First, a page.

Today represents the 27th anniversary of what us Gooners like to refer to as St Michael’s Day and what was, despite what Sky TV will tell you, the most dramatic finish to an English League season. My Liverpool–supporting family and friends won’t thank me for reminding them of the events at Anfield on the 26th of May 1989, but it is a memory that remains so fresh in my mind and provides an evocative reminder of the pre-Premier League days when football was still the game that I fell in love with.
Former player George Graham arrived from Millwall as the new manager of Arsenal in the summer of 1986; rumours suggested that he hadn’t even been the first choice and that Alex Ferguson had been sounded out about taking over after Don Howe’s resignation. How different the course of English football history could have been if the future Manchester United manager hadn’t wanted to complete his responsibilities with Scotland at the Mexico World Cup before giving his answer!
Right from the outset Graham’s approach was to jettison some of the older established players and to start to build a team founded on recruits from the lower leagues based on his previous experience and to combine these with some exciting young prospects emerging from the club’s youth programme. By the end of his first season in charge Graham had delivered the club’s first silverware since 1979, when they became the first team to beat Liverpool in a game in which Ian Rush had scored first, winning the Littlewoods Cup thanks to two goals from the enigmatic Charlie Nicholas.
By the start of the 1988-89 season Graham’s team had evolved into a team with that famous back four, a hard-working and energetic midfield, some flair going forward and plenty of goals. They started the season with a 5-1 win away at Wimbledon and won 8 of their first 12 matches. Just after Christmas they were top of the League, where they were to stay until early May. Liverpool were at one point 19 points behind, albeit with a number of games in hand but went on an incredible 24-match unbeaten run, so that when the Gunners wobbled in the run-in they were able to take advantage and a 5-1 win over West Ham in their penultimate match put them 3 points clear at the top.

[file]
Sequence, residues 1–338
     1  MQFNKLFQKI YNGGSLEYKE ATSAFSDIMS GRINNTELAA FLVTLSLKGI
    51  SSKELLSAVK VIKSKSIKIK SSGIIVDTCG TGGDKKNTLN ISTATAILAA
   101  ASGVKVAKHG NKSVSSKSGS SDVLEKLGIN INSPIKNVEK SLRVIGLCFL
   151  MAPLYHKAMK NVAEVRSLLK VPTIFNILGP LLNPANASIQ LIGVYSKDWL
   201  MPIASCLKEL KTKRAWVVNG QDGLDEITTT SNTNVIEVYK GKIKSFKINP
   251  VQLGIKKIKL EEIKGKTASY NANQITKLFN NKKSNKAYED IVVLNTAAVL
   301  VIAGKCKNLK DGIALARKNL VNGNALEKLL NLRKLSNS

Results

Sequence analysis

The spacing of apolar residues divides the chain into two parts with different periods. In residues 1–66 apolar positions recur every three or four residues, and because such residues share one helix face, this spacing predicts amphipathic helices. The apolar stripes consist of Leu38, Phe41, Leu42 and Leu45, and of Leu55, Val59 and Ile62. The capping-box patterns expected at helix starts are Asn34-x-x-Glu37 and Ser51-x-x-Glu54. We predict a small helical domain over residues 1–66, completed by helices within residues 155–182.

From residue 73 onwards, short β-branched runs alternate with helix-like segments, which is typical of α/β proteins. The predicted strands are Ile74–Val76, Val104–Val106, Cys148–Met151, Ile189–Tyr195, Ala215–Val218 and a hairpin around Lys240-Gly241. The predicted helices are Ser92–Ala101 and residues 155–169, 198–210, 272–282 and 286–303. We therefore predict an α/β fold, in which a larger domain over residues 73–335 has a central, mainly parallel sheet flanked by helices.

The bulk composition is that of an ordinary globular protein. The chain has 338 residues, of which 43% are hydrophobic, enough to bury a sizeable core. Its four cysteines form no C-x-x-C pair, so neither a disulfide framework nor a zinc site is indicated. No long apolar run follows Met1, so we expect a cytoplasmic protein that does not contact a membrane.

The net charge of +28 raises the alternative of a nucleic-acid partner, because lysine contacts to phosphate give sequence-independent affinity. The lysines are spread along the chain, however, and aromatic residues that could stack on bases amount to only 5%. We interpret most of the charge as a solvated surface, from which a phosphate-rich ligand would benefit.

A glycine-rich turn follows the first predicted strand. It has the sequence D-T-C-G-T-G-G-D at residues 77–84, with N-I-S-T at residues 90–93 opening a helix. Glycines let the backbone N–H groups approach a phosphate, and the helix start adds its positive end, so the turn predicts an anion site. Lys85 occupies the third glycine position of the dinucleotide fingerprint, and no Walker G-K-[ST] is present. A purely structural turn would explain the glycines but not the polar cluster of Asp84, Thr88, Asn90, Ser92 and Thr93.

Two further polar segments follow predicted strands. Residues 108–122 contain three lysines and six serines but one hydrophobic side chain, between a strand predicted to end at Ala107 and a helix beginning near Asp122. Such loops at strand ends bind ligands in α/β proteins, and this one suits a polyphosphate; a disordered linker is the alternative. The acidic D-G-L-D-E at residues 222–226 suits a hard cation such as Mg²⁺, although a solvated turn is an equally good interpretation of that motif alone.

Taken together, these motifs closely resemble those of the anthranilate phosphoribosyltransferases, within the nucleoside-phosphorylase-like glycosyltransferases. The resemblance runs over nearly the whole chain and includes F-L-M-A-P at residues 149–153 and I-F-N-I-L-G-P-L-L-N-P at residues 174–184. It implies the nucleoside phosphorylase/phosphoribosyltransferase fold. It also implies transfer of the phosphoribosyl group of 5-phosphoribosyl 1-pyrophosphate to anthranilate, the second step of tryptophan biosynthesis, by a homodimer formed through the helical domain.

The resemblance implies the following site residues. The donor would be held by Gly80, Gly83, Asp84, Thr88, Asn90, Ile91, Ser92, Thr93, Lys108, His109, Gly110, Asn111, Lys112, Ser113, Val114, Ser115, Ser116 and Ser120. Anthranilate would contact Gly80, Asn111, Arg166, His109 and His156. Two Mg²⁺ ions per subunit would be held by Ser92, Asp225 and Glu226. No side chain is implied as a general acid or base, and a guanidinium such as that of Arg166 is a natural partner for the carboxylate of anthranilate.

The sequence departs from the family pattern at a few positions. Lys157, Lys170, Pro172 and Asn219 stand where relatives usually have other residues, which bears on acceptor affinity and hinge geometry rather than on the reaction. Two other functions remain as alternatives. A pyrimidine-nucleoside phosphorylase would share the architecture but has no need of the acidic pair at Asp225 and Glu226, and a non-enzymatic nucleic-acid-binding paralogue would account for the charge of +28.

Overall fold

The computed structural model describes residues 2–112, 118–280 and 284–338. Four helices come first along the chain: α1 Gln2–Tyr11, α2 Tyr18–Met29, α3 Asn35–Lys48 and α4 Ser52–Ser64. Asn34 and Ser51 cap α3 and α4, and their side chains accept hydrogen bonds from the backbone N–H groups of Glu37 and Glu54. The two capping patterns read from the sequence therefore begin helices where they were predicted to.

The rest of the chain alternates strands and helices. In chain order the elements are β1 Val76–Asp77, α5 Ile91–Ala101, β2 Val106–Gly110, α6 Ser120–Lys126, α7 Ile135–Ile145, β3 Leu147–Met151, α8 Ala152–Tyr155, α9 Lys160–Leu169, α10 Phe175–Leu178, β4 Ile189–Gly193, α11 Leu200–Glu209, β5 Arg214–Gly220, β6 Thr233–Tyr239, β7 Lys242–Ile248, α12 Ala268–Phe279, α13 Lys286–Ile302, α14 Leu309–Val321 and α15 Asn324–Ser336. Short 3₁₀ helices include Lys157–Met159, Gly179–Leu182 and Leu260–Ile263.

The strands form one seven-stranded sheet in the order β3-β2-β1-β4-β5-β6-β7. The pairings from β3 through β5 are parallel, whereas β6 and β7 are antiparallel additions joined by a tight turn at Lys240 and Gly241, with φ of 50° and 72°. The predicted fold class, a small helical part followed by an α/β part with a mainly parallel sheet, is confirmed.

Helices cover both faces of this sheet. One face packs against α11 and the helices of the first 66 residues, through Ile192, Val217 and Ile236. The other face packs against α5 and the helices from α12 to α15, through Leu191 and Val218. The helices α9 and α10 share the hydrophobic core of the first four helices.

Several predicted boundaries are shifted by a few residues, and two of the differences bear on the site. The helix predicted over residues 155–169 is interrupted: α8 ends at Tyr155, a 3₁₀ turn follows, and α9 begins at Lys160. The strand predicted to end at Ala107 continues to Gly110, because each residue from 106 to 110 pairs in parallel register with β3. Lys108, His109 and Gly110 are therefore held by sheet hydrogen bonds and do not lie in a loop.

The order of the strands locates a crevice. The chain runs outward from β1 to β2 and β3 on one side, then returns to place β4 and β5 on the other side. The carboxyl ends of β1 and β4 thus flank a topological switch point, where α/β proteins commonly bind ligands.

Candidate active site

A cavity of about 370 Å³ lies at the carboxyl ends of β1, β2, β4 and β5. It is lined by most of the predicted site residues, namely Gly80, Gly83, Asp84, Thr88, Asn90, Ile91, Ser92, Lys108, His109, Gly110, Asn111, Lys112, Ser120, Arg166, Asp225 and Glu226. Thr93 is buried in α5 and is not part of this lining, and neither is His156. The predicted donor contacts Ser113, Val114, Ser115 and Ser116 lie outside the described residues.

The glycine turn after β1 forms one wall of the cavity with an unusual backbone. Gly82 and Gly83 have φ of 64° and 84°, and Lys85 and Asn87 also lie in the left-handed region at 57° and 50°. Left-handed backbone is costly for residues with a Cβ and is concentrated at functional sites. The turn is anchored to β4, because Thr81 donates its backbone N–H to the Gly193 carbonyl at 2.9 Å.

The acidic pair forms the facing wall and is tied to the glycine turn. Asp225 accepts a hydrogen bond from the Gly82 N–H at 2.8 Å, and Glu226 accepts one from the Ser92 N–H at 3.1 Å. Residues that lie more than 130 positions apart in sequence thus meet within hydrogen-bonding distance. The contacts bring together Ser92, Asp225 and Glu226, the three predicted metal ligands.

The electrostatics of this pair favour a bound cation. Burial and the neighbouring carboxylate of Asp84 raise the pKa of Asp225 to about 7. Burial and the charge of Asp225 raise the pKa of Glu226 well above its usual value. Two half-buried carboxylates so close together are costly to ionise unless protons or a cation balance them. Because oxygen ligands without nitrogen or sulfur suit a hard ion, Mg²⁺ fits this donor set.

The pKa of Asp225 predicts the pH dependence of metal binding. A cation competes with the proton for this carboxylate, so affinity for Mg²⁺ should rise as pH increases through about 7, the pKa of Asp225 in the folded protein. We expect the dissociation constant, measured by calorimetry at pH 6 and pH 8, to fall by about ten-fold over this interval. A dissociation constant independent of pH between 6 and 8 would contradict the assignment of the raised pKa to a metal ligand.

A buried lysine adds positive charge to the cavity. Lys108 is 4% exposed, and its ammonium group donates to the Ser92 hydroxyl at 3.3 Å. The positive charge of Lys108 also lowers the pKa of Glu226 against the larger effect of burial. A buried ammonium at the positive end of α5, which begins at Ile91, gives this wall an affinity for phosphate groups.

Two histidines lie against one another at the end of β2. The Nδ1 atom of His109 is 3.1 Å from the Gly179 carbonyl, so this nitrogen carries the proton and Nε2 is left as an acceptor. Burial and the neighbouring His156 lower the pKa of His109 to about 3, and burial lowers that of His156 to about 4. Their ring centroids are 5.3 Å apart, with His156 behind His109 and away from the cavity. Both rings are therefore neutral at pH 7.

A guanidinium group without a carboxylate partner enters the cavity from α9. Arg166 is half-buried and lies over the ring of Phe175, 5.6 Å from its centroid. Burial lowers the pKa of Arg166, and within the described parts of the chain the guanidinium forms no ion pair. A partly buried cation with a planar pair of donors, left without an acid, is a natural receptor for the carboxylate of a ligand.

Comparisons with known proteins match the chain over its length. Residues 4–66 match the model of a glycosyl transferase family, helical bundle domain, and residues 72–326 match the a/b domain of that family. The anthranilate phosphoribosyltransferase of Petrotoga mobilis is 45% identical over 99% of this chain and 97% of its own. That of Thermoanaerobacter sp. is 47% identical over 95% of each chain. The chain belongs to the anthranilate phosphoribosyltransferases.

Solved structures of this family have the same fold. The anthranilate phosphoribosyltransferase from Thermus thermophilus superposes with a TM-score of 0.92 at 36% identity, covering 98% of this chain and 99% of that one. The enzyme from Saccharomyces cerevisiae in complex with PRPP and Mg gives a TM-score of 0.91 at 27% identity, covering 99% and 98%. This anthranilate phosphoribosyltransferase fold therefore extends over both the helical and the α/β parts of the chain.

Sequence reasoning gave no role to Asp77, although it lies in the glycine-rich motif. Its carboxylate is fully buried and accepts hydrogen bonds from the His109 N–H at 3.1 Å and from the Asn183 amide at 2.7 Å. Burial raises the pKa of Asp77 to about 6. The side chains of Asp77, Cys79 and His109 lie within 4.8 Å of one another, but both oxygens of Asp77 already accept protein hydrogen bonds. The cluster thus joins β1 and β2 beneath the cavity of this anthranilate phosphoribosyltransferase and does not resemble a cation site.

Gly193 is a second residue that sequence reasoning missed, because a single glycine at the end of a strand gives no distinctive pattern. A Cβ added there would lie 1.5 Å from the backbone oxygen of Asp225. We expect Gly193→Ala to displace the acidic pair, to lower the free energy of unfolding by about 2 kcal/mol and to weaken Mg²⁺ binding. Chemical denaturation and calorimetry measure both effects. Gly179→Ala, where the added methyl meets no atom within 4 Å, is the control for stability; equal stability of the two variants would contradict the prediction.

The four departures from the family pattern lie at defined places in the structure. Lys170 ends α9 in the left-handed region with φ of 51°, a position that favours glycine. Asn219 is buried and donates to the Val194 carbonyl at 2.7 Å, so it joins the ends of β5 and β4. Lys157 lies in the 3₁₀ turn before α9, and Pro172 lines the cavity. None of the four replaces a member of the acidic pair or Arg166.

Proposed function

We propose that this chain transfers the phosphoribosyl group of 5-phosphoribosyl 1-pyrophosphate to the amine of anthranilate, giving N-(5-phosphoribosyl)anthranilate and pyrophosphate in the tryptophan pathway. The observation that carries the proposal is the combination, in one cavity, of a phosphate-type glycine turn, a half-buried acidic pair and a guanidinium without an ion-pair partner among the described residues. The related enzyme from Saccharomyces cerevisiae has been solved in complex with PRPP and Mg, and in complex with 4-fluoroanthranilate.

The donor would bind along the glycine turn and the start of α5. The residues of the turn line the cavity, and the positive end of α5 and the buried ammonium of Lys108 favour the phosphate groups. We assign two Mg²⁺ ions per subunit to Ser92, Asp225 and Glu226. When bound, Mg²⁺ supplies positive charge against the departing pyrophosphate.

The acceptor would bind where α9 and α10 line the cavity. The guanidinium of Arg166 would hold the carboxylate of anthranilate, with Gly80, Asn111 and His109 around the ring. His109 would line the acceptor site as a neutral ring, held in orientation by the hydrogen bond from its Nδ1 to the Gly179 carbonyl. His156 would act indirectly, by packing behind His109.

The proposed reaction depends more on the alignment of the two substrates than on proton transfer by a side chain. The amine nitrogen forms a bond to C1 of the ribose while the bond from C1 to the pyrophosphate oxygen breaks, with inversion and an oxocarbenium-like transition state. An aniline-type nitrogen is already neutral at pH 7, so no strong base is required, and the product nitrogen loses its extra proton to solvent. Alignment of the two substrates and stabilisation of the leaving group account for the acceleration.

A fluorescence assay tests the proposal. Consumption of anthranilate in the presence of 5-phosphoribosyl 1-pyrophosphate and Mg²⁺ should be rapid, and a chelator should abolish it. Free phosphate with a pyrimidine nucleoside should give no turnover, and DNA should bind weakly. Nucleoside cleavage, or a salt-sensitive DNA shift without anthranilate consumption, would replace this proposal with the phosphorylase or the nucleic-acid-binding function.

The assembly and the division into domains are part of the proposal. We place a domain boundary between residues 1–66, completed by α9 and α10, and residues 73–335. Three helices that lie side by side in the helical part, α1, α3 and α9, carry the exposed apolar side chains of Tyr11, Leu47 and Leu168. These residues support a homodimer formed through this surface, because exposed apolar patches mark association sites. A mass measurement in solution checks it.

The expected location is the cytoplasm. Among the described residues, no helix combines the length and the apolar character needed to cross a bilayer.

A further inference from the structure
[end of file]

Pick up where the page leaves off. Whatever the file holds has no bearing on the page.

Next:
The final game of the season, rescheduled from April after the Hillsborough tragedy, would see Arsenal go to Anfield needing to win by two goals to secure their first League Championship since 1971. It was a seemingly impossible task; Liverpool had won the FA Cup the previous weekend, had collected an amazing 6 league titles in the past decade and hadn’t lost by two goals at home for three years.
As a Gooner and football obsessive exiled on Merseyside, I had that season opted to join my Dad and Our Kid in having season tickets in the Kemlyn Road stand which ultimately proved to be a wise choice, as it meant that I had a ticket for this crucial title decider. In a strange quirk of fate, the only other Arsenal fan in my school managed to secure a place through a relative in the Kemlyn Road stand as well; if nothing else we would at least be close to the travelling Gooner support. Just before kick-off my school friend approached the policeman on the barrier to the away terrace, explained our predicament and enquired as to whether we might be able to sneak into the terrace with the away fans. Despite the heightened safety concerns after Hillsborough he relented, presumably realising that allowing two 16-year olds to have a true football experience supporting their team shouldn’t cause too much concern.